And so we return to the literary adventures of J.K. Rowling, the former welfare mom who has turned Harry Potter into the hottest Brit since John Lennon.
Even as we write, Ms. Rowling is crisscrossing Great Britain aboard the Hogwarts Express in her own personal publicity train. Meanwhile, some 3.8 million copies of the 734-page ``Harry Potter and the Goblet of Fire'' are flying Quidditch-style out of the stores in the American colony.
The Wizard of a lad has single-handedly occupied three spaces on the New York Times best-selling fiction list. This has caused Ms. Rowling to rejoice, and other fiction writers to wring their hands. And it has, not incidentally, offered this writer an excuse for airing her very much belated summer reading list.
This annual list is based on an arbitrary selection of books read and enjoyed by one woman. But this year surely there is a cry by Muggles everywhere for books that are not by or about a wizard, a wrestler, or a World War II veteran.
So we begin with a parallel universe of another sort, the mid-20th century Africa recreated by Barbara Kingsolver. Those of us who beat Oprah in discovering ``The Poisonwood Bible'' met a fanatic American missionary at the head and center of a family of five females. Wearing blinders, Nathan Price walked his wife and daughters into the Congo where they - but not he - learned: ``Everything you're sure is right can be wrong in another place. Especially here.'' This is a tale of America and Africa, men and women, bending and breaking.
Anita Desai has written a cross-cultural book as well, but on a small, domestic scale. In ``Fasting, Feasting,'' she writes about stifling middle-class households in India and America. Desai not only shows the suffocation of an Indian daughter but how the language of food is spoken in two worlds.
If Desai writes from both the inside and the outside of India, Nathan Englander carries that same dual citizenship. His life, from his childhood as an orthodox Jewish New Yorker to his adulthood as a secular Israeli, infuses the tales in ``For the Relief of Unbearable Urges.'' With laser-clarity and yet compassion, Englander etches characters from an orthodox wigmaker to a wife trapped waiting for a religious divorce.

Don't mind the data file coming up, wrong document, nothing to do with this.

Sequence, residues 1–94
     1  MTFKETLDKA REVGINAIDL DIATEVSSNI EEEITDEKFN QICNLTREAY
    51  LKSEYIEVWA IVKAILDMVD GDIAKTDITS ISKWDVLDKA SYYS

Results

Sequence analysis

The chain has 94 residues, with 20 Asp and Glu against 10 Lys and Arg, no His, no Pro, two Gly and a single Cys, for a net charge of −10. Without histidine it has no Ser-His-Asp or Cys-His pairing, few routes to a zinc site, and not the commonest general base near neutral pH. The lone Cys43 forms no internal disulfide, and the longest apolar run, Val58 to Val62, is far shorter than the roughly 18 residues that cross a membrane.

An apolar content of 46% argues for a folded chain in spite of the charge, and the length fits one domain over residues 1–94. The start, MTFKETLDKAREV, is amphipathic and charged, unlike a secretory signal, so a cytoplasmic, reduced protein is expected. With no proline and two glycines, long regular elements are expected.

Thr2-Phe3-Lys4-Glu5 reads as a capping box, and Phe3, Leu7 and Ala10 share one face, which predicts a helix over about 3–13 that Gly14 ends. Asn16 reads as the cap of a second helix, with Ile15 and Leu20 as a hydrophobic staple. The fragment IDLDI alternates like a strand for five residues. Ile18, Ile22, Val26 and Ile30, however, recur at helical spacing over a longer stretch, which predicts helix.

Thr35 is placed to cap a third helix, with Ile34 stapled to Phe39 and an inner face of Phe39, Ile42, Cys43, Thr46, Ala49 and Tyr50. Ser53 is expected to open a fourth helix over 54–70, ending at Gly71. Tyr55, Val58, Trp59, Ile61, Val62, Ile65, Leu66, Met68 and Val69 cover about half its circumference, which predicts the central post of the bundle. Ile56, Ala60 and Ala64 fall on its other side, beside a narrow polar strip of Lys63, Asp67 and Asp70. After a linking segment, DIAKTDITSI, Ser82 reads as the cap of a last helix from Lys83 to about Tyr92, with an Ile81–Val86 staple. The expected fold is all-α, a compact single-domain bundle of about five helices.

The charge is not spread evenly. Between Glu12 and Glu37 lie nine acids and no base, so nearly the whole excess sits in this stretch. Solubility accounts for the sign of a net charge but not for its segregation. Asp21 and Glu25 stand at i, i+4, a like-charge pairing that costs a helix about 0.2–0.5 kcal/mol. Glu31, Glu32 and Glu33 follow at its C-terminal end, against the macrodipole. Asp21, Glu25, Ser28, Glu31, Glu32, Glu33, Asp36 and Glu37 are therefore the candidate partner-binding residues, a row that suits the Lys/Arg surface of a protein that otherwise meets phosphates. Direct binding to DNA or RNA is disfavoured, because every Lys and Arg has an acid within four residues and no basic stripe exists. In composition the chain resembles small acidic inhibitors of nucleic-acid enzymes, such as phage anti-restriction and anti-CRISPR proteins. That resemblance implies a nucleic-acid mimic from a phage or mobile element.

Rosellen Brown's latest novel is, by contrast, both cross-cultural and thoroughly American. At the heart of ``Half a Heart'' is a middle-aged former rebel comfortable with everything but her comfort. Years earlier, in the era of SNCC and black power she gave up her daughter to the girl's black father. The mother-child reunion, told in alternating voices, is about strong connections in a cultural cross fire.
Perhaps the most affecting of the family stories this year is the real one in Dave Eggers' memoir. At 21, he lost two parents to cancer in 32 days and became the slacker-superdad to his 8-year-old brother, all the while wearing his PTA membership and guilt on his sleeve. In this amphetamine rush of a book, parenting appears as ``A Heartbreaking Work of Staggering Genius.''
As befits any millennium, the analysts are out in force this year. Jeremy Rifkin, the technological naysayer has turned his eye on ``The Age of Access.'' He takes on everything from Disney to car leasing and asks us to ``imagine a world where virtually every activity outside the confines of family relations is a paid-for experience.''
David Brooks is a bit more sanguine about the new world. ``Bobos in Paradise'' is ``comic sociology,'' a breezy stone of a book that skips along the surface hitting the right waves. He describes a new elite of bourgeois bohemians: ``people seemed to have combined the countercultural '60s and the achieving '80s into one social ethos.'' Welcome to cappuccino.com.
Robert Putnam's book is nowhere nearly that `lite'. ``Bowling Alone'' is a 400-page book plus a 100-page index that chronicles the way we've become a nation of strangers. There's a mine of rich material to back up his lament.
Want a second opinion about America? Try Dr. Jerome Groopman. His latest book on health care, literally called ``Second Opinions'' is a rich, sometimes moving sequence of eight clinical tales with one message. In an era when the doctor isn't God but rather a junior partner in medical care, think twice.
OK, you've had your medicine. It's Chiclet time. Reading ``Bridget Jones's Diary'' by Helen Fielding was a secret vice, kind of like watching ``Sex and the City.'' The sequel dubbed ``Bridget Jones: The Edge of Reason'' is, well, a sequel. More Chiclets please.
Michael Cunningham's far more elegant main course of novel, ``The Hours,'' is not a sequel to Virginia Woolf. But he uses ``Mrs. Dalloway'' as text, context, subtext for a stunning tale woven from the interlocking lives of three women: Woolf herself in the 1930s, Laura Brown in the 1940s and Clarissa Vaughan in the 1990s. There are extraordinary moments, including the description of Laura's desperate attempt to transform a child's birthday cake into a fulfilling art.
Finally, last and eldest, ``Glorie.'' This is a intimate story of an eightysomething woman. Caryn James gets into the head of this woman who is trying to hang on to herself, her home, her dignity, and the memory of her husband. ``Glorie'' is currently 176,000th in sales on Amazon.com. But this is a novel quietly passed around from one middle-aged daughter to another as a reminder that old age is not for sissies. Or wizards.
Ellen Goodman is a columnist for the Boston Globe.